"Soil is not a dead substrate for the living. It is the matrix where the mineral and organic worlds meet to create a living body in nature. We might do well to set our sights on becoming like the dung beetle: a constant user of the soil whose use in fact improves it.
Even to many landscape designers today, the soil is often just a set of numbers: some little bags for testing. Their real interest is in the paving, the benches, the plants and the shapes. A young woman I was planting trees with in the Bronx got it righter: Dirt is more alive than we are, she said. Fourth-fifths of the respiration in a forest in upstate New York, for example, comes from the creatures who live in the soil."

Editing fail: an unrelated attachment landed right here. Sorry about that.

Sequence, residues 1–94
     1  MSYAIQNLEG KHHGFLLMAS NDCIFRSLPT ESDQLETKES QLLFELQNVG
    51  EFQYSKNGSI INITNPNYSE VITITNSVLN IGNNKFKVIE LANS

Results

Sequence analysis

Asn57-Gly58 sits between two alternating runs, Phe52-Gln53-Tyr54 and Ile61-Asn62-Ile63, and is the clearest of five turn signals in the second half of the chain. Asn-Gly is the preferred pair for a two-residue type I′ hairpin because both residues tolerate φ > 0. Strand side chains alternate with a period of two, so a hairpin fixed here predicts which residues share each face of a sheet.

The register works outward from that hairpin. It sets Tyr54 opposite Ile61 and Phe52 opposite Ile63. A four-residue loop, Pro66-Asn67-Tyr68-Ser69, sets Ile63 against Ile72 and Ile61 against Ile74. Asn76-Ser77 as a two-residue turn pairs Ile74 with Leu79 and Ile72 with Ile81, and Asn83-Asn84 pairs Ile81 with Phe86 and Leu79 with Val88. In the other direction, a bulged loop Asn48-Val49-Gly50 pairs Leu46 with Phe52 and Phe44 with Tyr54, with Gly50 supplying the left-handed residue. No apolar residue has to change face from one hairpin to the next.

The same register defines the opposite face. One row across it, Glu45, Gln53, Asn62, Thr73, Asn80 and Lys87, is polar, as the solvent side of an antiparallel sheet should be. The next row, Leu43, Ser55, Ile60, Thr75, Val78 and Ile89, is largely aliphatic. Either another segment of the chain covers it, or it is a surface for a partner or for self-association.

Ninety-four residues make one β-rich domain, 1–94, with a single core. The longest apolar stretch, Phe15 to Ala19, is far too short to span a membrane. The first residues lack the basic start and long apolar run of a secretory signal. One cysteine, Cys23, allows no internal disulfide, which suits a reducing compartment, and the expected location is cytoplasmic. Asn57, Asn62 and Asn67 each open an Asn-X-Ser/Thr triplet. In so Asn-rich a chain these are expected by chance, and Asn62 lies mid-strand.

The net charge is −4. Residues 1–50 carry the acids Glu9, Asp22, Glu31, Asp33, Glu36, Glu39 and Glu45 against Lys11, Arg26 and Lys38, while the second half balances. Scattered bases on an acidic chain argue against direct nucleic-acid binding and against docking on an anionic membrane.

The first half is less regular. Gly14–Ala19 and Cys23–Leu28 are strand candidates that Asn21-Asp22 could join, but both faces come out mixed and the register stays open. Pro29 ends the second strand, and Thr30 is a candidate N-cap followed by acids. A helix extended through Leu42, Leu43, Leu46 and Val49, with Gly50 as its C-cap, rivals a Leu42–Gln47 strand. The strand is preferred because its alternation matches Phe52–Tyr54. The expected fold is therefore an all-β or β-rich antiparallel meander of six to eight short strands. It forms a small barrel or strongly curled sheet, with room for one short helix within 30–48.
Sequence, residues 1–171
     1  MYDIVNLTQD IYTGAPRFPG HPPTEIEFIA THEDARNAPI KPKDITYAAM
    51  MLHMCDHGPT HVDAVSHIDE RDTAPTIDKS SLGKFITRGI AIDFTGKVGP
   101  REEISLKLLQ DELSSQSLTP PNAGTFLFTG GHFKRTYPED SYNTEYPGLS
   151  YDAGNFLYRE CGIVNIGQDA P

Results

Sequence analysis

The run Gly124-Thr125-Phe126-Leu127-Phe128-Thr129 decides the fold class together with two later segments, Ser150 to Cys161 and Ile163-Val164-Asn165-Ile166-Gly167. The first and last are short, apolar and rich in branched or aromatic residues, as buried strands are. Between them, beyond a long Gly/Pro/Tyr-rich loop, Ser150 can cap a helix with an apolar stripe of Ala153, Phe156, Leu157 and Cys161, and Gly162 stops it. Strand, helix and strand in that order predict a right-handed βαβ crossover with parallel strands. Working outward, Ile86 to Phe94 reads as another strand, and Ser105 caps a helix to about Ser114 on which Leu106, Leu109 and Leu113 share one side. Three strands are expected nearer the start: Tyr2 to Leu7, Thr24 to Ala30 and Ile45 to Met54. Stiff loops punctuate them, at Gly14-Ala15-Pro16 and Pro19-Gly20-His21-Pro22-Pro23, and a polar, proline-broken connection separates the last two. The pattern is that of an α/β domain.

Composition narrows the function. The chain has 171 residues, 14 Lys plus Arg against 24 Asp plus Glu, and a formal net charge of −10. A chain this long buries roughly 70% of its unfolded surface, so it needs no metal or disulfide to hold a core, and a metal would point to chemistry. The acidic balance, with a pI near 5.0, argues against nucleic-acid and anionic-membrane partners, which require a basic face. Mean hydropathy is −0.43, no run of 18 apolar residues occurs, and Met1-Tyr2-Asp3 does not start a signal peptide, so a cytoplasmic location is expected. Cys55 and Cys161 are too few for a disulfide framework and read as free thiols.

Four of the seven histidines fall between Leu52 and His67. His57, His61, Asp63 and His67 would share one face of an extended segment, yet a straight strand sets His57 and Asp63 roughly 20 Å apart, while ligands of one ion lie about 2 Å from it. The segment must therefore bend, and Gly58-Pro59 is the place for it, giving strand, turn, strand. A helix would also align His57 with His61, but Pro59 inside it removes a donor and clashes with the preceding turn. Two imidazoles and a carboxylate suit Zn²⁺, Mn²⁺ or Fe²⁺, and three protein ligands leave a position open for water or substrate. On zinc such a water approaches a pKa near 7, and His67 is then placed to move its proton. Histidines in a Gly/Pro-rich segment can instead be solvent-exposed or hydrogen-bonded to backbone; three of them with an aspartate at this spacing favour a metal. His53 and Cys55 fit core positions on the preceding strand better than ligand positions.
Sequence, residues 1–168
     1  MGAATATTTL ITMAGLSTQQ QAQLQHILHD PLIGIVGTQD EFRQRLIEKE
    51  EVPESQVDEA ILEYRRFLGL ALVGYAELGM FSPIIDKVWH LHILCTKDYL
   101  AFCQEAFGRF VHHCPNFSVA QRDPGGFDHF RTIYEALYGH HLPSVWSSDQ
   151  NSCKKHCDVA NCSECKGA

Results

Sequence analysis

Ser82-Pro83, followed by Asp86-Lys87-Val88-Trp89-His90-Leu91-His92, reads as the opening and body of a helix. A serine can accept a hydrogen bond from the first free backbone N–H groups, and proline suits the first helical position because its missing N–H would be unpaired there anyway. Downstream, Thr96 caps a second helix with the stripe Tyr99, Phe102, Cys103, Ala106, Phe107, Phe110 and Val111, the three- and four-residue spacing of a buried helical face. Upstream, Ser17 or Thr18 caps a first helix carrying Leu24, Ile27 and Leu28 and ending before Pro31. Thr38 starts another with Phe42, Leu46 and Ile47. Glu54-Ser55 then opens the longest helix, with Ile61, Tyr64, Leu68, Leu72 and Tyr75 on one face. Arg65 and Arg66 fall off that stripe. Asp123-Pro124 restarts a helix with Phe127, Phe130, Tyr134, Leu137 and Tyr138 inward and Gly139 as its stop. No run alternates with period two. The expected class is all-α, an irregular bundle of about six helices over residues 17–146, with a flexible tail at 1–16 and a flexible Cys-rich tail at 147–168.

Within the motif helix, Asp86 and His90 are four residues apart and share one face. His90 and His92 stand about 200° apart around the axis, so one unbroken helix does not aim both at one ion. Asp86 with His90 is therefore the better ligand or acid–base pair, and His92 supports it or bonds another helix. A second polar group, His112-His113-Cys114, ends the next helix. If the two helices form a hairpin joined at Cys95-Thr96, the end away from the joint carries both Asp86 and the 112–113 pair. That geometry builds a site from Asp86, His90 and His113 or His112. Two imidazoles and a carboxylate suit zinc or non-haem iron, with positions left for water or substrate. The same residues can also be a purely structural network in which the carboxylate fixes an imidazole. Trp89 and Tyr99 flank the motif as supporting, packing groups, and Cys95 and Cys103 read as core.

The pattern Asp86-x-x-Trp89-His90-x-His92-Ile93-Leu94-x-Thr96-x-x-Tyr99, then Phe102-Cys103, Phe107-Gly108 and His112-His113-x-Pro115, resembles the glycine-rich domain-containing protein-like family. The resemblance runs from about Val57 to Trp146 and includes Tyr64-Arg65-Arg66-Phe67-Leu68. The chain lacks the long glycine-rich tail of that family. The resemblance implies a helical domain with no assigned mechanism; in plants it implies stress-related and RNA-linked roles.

William Bryant Logan is an arborist, teacher and writer. Logan is the author of three books, Dirt, Oak, and Air, all from WW Norton. Twenty-five years ago, he founded Urban Arborists in New York City. The firm cares for the largest and oldest trees in the city, and for such institutions as The Metropolitan Museum of Art, Madison Square Park, Battery Park, and the Cathedral of St. John the Divine. Logan is on the faculty of the New York Botanical Garden. He is on the board of directors of the Edmund N. Huyck Preserve and Biological Field Station.